ROBINS AIR FORCE BASE, Ga. – Virtual reality is coming to the E-8C Joint Surveillance Target Attack Radar System aircraft in a collaboration with the 116th Air Control Wing and the 461st Air Control Wing at Robins Air Force Base, Georgia. A VR Maintenance and Operations Training Program has been created to supplement training and enhance mission effectiveness for Team JSTARS members.
In September 2019, Mass Virtual was awarded a contract at the first-ever Robins Spark Pitch Day to develop virtual reality training for Team JSTARS.
“It was pretty exciting since we have never seen a turnaround possibility like that, to actually walk into a place that has several competitors given the chance to present their product,” said John Brooks, Mass Virtual, chief executive officer. “The execution that followed in that same day was something I had never experienced before.”
According to Brooks, once Mass Virtual had a contract to develop a VR simulation, they teamed together with the JSTARS members to do a 3-D scan of the E-8C JSTARS aircraft and photographed every section for data collection to aid in the module creation.
Since the initial scanning and photographing of the aircraft the project is yielding dividends.
“On April 13, the first-ever JSTARS 3-D Virtual Reality beta model was seen by Robins AFB personnel,” said Master Sgt. Justin Ciszek, Robins Spark Hub NCO-in-charge. “On the first day we had the program up and running, the 373rd Training Squadron, Detachment 6 here at Robins brought eight of their students to demo the program and ended up having an impromptu class, testing student knowledge on various parts of the aircraft.”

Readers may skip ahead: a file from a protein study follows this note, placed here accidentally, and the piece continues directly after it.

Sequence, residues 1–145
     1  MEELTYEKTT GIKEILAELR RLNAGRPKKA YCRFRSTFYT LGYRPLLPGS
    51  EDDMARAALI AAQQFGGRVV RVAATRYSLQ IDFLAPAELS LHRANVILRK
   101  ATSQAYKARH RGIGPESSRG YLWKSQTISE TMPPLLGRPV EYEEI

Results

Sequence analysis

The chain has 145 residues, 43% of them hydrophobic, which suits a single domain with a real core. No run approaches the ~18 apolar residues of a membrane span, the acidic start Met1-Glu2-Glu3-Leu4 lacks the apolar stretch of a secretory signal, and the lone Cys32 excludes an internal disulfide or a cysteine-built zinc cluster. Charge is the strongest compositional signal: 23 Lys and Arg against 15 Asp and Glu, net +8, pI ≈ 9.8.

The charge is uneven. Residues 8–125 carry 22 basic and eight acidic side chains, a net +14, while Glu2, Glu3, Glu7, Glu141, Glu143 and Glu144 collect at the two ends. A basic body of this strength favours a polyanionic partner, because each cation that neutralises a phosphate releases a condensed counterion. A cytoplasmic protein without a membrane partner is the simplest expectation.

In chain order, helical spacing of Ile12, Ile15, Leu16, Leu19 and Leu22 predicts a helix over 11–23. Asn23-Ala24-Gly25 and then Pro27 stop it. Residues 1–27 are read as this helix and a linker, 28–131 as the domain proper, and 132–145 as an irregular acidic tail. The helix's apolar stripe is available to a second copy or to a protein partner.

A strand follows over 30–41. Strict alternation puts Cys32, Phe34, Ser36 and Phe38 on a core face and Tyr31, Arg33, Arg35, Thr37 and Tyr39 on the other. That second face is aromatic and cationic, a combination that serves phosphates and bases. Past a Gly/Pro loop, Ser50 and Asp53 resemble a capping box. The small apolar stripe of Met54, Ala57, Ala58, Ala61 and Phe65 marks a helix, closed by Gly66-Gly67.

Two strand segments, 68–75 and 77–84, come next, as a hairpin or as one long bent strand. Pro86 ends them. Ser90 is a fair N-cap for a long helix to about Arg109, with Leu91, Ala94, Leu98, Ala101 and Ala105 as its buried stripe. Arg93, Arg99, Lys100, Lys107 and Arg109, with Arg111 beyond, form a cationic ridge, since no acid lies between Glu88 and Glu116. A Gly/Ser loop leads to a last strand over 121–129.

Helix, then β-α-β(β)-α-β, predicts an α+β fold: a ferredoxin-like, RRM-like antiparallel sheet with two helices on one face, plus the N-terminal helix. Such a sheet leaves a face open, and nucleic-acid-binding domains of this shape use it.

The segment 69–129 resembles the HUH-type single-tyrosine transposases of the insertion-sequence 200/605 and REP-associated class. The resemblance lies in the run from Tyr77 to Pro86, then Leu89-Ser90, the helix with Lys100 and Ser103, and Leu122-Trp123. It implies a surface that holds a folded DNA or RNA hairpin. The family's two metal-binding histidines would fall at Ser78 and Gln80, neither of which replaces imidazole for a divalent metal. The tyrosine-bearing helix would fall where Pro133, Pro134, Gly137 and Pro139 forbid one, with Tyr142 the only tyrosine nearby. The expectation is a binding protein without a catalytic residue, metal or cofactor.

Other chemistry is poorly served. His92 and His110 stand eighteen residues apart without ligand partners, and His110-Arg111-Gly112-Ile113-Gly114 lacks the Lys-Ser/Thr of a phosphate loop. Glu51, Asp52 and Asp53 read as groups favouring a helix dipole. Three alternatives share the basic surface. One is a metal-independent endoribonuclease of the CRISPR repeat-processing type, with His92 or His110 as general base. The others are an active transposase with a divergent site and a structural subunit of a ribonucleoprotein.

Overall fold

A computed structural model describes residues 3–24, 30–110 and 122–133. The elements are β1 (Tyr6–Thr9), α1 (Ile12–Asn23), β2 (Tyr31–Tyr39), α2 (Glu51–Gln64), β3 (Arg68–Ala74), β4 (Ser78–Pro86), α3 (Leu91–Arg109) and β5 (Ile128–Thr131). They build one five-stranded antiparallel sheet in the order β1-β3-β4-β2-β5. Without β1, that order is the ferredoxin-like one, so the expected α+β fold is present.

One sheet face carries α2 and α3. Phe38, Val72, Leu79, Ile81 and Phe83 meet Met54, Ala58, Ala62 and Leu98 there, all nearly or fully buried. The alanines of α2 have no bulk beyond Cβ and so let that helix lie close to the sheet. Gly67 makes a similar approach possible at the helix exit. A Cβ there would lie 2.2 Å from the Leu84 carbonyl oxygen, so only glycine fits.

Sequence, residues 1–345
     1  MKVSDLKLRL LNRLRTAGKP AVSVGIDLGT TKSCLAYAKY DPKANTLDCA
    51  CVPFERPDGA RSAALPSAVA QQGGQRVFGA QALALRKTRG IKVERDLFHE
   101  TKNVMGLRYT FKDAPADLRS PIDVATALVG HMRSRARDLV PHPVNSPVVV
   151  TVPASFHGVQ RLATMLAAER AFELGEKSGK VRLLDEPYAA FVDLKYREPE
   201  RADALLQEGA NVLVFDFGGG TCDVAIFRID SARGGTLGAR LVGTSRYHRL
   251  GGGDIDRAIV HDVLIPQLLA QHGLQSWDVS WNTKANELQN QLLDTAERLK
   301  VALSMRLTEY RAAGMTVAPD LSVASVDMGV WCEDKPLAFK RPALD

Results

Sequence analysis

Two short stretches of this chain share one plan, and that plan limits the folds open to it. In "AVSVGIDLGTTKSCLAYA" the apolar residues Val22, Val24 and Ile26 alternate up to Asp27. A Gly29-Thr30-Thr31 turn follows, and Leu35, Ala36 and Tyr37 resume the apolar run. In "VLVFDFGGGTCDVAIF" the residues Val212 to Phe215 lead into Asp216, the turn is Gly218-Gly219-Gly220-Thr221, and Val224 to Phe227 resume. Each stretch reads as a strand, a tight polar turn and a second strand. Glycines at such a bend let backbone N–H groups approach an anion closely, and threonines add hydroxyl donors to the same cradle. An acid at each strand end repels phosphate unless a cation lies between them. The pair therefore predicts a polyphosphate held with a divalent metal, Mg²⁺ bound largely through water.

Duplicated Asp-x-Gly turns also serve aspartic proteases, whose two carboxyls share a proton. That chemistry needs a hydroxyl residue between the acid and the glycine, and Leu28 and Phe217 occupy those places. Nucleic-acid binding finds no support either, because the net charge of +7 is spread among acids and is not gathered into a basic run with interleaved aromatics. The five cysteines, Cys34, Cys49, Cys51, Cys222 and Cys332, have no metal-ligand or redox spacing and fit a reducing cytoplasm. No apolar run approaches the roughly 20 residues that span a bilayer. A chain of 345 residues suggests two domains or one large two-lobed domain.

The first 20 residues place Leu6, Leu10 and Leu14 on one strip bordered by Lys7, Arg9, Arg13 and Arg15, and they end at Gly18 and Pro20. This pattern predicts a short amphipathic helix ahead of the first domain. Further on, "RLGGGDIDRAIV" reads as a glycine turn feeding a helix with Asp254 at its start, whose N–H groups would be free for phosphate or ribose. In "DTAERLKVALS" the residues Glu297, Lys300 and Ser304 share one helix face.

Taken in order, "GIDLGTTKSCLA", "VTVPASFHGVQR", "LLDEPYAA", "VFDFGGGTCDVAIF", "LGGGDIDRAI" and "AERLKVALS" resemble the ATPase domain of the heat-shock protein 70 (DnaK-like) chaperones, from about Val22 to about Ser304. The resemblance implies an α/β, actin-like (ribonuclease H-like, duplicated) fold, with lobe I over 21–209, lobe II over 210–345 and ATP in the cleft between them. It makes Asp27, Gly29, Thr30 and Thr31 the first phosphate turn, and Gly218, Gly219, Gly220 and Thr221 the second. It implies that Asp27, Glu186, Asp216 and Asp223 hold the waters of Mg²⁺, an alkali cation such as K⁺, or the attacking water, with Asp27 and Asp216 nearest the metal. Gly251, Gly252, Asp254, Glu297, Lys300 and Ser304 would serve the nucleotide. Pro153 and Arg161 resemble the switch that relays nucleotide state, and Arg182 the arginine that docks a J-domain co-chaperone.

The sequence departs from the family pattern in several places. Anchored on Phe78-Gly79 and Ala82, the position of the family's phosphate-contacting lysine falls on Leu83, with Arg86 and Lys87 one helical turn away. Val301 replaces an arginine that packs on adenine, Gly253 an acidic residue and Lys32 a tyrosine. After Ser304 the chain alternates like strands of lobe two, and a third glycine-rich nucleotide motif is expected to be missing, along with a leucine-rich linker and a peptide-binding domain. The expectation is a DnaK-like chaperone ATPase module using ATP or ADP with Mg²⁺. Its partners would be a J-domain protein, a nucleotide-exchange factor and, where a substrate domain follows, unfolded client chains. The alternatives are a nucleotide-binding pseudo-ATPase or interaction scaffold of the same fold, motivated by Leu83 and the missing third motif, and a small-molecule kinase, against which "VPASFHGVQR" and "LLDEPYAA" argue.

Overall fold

The use of the JSTARS 3-D VR beta model was a success with the students and instructors.
“The students loved it,” said Ciszek. “Cumulatively, 42 students and instructors have used the program so far to give feedback. The students were able to see and identify aircraft components, hazard areas and safety equipment they had just learned about in the classroom.”
The student feedback has been positive.
“When you can learn about something in the classroom and then hop into a program that resembles a real life aircraft right after, it really reinforces the learning experience in the users mind and solidifies the memory with visual indicators in a complete immersive experience,” Ciszek said.
Once the VR simulators are in place, air and ground crews will be able to see and hear exactly what they would as if they were on the flight line with the aircraft.
According to Ciszek, three step-by-step training modules and three complete computer and VR systems have been purchased which are expected for delivery by July.
“Virtual training is the future, and JSTARS in on the cutting edge of helping make that a reality,” he said.
The JSTARS 3-D simulators can be integrated into larger Air Force-wide VR system.
“The JSTARS VR system provides a future-leap into immersive training,” said Lt. Col. Jay Vizcarra, Robins SPARK Hub chief. “This system will integrate into larger Air Force VR initiatives like ‘Virtual Hangar,’ in which most of the USAF aircraft could be accessed for instructors and students worldwide to remotely train in the virtual environment.”
As the Air Force is looking for increased innovation with a focus on a more agile and lethal force, the creation of VR simulators allow personnel to train and troubleshoot systems while at the same time saving the Air Force money.
“For the Air Force as a whole, VR training has huge cost savings,” said Vizcarra. “There is a huge value in the training capacity you get out of it.”
With enhanced mission effectiveness and a more immersive training environment, the 116th ACW and 461st ACW is providing team JSTARS a credible program for current airmen to train and future Airmen build upon while keeping Team Robins on the cutting edge of innovation.